The Fabric of Peace

by JoAnn Yeoman Tongret


Juliana Meehan sits in her living room surrounded by what seems to be an unfinished mosaic, vibrant with color.

She is actually encircled by a variety of lively embroideries ranging in size from 17″ x 20″ to 57″ x 51″.

Some are mounted and some are lying gracefully in a colorful pile waiting to become so.

She is the curator for a completely unique collection of handmade Rwandan embroideries created by the female survivors from both sides of the 1994 genocide.* 

The women who began working together did so in order to survive in a new peace. 

Newer members continue the legacy of culture and the unique process that brands their stunning visuals. 

Juliana is a middle school teacher who specializes in literacy and never imagined that she would be bringing these remarkable works of art to the United States. 

Three years ago she bought a condo in Fallsington, where she spends weekends and vacations, and will retire there permanently in the near future. 

Currently she is preparing the newest Rwandan arrivals for the next gallery showing. 

It has been a long wait since Covid protocols closed most public gatherings. 

Her search for the next show is now possible and her anticipation is palpable. 

All new work arrives from Rwanda two to three times a year. 

Gallery openings usually feature a welcoming reception where she shares the Rwandan experience that led to her curatorship. 

Juliana and her husband, John, went as tourists to Rwanda in 2010 to see the silverback gorillas, and to experience the rainforest and the savannah. 

“But during the week we would stay in Kigali, Rwanda’s capital, where there are many shops. We stumbled on one called Mode Savane and went in. The embroideries immediately stood out. We admired those that were mounted and then discovered a box of finished but unmounted pieces in the back of the shop. I think I bought about eight on that first trip.” 

Christiane Rwagatare (founder and owner) who also serves as director and designer, offered to show the Meehans how the works are made.  

“So a few days hence we came back to the shop and Christiane was ready in her Jeep to take us up the mountain to see the ladies in action.”

The drive served to exhibit some of Rwanda’s diverse ecosystems.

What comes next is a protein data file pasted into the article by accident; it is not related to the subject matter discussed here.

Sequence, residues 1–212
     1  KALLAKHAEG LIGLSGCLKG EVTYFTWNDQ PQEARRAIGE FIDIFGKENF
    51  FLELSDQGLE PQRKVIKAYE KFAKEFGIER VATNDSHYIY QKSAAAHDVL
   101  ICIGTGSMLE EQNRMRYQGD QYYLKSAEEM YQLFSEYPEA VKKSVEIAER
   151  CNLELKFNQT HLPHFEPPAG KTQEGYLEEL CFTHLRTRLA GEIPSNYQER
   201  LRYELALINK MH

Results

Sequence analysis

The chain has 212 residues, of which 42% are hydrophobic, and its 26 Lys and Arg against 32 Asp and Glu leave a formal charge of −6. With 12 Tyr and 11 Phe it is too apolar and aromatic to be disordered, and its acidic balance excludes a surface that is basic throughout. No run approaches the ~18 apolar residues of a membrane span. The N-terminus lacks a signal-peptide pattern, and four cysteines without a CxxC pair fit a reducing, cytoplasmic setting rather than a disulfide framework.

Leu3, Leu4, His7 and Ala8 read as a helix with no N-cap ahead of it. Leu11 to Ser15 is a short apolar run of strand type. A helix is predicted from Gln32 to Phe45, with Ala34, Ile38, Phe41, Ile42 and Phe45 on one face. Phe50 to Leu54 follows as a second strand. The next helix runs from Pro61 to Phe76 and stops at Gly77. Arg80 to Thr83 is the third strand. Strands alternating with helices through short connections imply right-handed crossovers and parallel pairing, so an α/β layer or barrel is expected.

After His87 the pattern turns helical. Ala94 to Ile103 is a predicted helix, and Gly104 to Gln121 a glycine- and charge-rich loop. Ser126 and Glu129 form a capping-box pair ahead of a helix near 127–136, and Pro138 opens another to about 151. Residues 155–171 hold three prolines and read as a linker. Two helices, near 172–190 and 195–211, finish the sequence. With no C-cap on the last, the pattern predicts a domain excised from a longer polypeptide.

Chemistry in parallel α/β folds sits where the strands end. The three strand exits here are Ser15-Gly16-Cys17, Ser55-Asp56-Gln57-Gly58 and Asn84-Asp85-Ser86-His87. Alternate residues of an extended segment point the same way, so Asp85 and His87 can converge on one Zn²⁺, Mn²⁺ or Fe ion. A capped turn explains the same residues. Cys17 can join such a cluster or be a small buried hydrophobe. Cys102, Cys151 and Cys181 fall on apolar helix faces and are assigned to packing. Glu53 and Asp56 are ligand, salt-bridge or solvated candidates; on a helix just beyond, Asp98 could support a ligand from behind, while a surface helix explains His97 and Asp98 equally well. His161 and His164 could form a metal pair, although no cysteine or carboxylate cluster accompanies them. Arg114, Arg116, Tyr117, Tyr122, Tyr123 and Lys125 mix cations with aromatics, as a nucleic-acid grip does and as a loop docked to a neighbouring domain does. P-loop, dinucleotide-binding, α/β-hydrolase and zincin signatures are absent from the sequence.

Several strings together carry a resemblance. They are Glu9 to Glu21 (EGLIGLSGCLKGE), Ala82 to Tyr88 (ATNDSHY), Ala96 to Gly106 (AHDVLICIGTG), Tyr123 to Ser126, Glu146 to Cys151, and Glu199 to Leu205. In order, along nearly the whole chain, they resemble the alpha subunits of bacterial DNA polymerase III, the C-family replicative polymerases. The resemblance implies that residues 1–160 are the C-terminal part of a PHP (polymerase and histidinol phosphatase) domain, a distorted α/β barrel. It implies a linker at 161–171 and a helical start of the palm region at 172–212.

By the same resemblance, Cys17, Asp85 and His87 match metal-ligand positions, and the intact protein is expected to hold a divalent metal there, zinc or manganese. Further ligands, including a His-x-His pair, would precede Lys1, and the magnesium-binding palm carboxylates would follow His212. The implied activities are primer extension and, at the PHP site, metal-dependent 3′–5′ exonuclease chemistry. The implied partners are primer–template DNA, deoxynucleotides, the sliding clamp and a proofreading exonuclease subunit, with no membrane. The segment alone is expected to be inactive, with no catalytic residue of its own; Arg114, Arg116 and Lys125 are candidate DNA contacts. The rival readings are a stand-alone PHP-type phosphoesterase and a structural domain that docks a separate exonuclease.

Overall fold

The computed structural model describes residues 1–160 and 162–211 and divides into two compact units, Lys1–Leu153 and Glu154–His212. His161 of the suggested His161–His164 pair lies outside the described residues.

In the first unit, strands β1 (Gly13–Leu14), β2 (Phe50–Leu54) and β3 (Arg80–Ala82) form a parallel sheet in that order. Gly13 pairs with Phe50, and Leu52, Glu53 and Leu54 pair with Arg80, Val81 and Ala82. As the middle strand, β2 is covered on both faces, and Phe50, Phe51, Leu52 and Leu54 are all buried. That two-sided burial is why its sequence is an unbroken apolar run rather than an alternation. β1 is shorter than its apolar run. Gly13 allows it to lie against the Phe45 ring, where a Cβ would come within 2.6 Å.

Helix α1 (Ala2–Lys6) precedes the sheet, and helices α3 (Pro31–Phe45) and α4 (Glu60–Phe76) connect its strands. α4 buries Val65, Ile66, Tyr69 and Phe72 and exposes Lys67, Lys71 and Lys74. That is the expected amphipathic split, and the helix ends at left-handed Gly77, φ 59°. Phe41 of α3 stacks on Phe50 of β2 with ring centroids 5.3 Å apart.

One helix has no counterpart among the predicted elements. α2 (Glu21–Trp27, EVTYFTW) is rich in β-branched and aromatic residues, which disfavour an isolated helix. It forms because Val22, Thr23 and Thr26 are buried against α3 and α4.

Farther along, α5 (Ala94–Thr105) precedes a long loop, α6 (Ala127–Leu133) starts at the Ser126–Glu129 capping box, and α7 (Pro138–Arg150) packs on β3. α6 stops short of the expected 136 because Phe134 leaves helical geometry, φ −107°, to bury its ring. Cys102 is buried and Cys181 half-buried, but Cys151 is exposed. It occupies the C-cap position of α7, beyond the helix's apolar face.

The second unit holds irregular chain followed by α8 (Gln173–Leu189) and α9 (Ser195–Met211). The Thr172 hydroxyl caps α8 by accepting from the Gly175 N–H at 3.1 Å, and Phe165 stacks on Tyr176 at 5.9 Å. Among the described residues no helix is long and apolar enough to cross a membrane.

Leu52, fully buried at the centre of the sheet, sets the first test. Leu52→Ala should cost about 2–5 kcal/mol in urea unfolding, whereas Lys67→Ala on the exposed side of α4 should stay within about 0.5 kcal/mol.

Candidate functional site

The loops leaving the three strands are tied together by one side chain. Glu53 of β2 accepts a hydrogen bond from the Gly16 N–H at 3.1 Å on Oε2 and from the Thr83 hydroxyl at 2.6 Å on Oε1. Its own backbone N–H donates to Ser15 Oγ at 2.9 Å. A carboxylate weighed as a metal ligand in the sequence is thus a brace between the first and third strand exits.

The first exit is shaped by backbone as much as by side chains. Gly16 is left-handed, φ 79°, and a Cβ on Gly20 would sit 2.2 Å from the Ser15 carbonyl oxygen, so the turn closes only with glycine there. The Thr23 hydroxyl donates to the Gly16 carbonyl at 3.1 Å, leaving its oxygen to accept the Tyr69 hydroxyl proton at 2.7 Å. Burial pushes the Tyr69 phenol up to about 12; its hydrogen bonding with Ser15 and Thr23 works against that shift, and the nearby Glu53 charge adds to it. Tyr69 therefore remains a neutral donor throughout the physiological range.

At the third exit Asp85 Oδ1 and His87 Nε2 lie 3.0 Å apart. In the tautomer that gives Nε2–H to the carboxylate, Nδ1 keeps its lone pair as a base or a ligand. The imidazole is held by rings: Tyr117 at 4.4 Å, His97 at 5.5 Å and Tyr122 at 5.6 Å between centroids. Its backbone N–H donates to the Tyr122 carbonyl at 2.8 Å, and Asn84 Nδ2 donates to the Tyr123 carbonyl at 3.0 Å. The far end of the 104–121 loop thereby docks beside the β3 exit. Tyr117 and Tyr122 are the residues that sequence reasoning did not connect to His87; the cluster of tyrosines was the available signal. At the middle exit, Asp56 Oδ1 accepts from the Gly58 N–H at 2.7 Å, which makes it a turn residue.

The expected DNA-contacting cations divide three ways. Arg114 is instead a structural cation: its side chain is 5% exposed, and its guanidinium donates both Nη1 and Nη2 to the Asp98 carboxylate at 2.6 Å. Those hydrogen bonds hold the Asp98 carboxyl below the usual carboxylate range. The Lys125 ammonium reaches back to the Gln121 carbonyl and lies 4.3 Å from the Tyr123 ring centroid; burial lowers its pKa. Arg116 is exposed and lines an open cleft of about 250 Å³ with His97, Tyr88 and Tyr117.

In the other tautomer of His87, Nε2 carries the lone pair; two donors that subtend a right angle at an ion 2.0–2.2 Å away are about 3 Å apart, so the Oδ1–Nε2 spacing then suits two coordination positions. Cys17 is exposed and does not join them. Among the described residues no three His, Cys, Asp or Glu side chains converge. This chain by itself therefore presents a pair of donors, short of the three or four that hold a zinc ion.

These include volcanic mountains where the gorillas live; the dry savanna with lions, elephants, and zebras; and one of the best medium-growth rainforests in Africa: Nyungwe National Park. 

What Juliana saw when they arrived at the small workplace was a group of women working only by daylight but grateful for a chance to sell their work in Kigali. 

With Christiane at the center they also developed a support system. 

The early days solidified the group’s intention to create more than napkins, hand towels, or pillowcases. 

Christiane would draw a design from cultural, natural, or traditional subjects and, depending on the size, the final product might be created by two or three different women working together and could take three months to finish.  

The most exciting thing to me, viewing the embroideries close up, was the distinct technique of combining three different colors of thread on one needle to achieve a remarkable texture and shading.

The technique is almost impossible to view in a photograph; you have to see it in person.

Their work has by now won awards in Rwanda but is little known outside of the area. 

Juliana asked Christiane, “What can I do for you?”

Christiane answered, “Help us be seen in the United States.” 

Juliana was as good as her word and since then she has mounted gallery showings at the Museum of African Art in Tenafly, NJ; The Textile Museum in Washington D.C.; The Puffin Foundation in Teaneck, NJ; the People’s Gallery at Port Authority in NYC; and the Mark Miller Gallery in Manhattan. 

Selected pieces can be sold from a gallery showing with all of the profits going to the women for salaries and overhead. 

Juliana adds, “I take no salary and I help to pay the postage because it’s expensive to ship internationally.” 

She does the mounting herself once they reach her home, since the cost of the mounted weight would be prohibitive

“There are some in the art world who would discount their work as ‘crafts.’ To them I say that these works require consummate skill and are rendered in an original technique.” 

As I was about to leave Juliana’s home she said quietly, “This group of women are incredibly brave. They live in the shadow of the Genocide even now, many years hence, and have made peace with each other – some hail from the side of the perpetrators and others from the victims. They look to the future and to a better world for themselves and their children.”

A desire that we can all understand and share. 


*The preferred name is the Genocide Against the Tutsi.


PHOTO CAP: Juliana Meehan next to “The Elegant Housewife II”. Photo courtesy of PaxRwanda.


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